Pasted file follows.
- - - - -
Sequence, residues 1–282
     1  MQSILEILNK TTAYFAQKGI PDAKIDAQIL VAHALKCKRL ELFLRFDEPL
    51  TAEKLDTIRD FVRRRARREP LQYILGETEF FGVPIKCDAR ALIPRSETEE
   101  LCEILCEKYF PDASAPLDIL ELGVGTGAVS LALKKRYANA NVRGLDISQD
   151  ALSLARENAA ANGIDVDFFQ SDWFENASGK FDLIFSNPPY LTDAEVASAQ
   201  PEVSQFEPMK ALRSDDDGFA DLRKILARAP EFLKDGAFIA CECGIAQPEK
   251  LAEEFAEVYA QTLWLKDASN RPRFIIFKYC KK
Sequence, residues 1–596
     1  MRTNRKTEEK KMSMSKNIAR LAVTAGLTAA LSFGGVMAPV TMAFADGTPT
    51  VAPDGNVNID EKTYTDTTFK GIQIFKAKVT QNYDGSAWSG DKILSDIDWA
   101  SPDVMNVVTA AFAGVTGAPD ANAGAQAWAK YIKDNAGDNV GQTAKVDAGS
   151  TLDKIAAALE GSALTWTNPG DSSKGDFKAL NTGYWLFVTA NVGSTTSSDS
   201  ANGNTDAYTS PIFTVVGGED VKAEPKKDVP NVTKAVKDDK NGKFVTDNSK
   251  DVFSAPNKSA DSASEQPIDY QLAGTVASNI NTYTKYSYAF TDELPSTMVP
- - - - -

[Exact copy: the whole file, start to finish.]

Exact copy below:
Sequence, residues 1–282
     1  MQSILEILNK TTAYFAQKGI PDAKIDAQIL VAHALKCKRL ELFLRFDEPL
    51  TAEKLDTIRD FVRRRARREP LQYILGETEF FGVPIKCDAR ALIPRSETEE
   101  LCEILCEKYF PDASAPLDIL ELGVGTGAVS LALKKRYANA NVRGLDISQD
   151  ALSLARENAA ANGIDVDFFQ SDWFENASGK FDLIFSNPPY LTDAEVASAQ
   201  PEVSQFEPMK ALRSDDDGFA DLRKILARAP EFLKDGAFIA CECGIAQPEK
   251  LAEEFAEVYA QTLWLKDASN RPRFIIFKYC KK
Sequence, residues 1–596
     1  MRTNRKTEEK KMSMSKNIAR LAVTAGLTAA LSFGGVMAPV TMAFADGTPT
    51  VAPDGNVNID EKTYTDTTFK GIQIFKAKVT QNYDGSAWSG DKILSDIDWA
   101  SPDVMNVVTA AFAGVTGAPD ANAGAQAWAK YIKDNAGDNV GQTAKVDAGS
   151  TLDKIAAALE GSALTWTNPG DSSKGDFKAL NTGYWLFVTA NVGSTTSSDS
   201  ANGNTDAYTS PIFTVVGGED VKAEPKKDVP NVTKAVKDDK NGKFVTDNSK
   251  DVFSAPNKSA DSASEQPIDY QLAGTVASNI NTYTKYSYAF TDELPSTMVP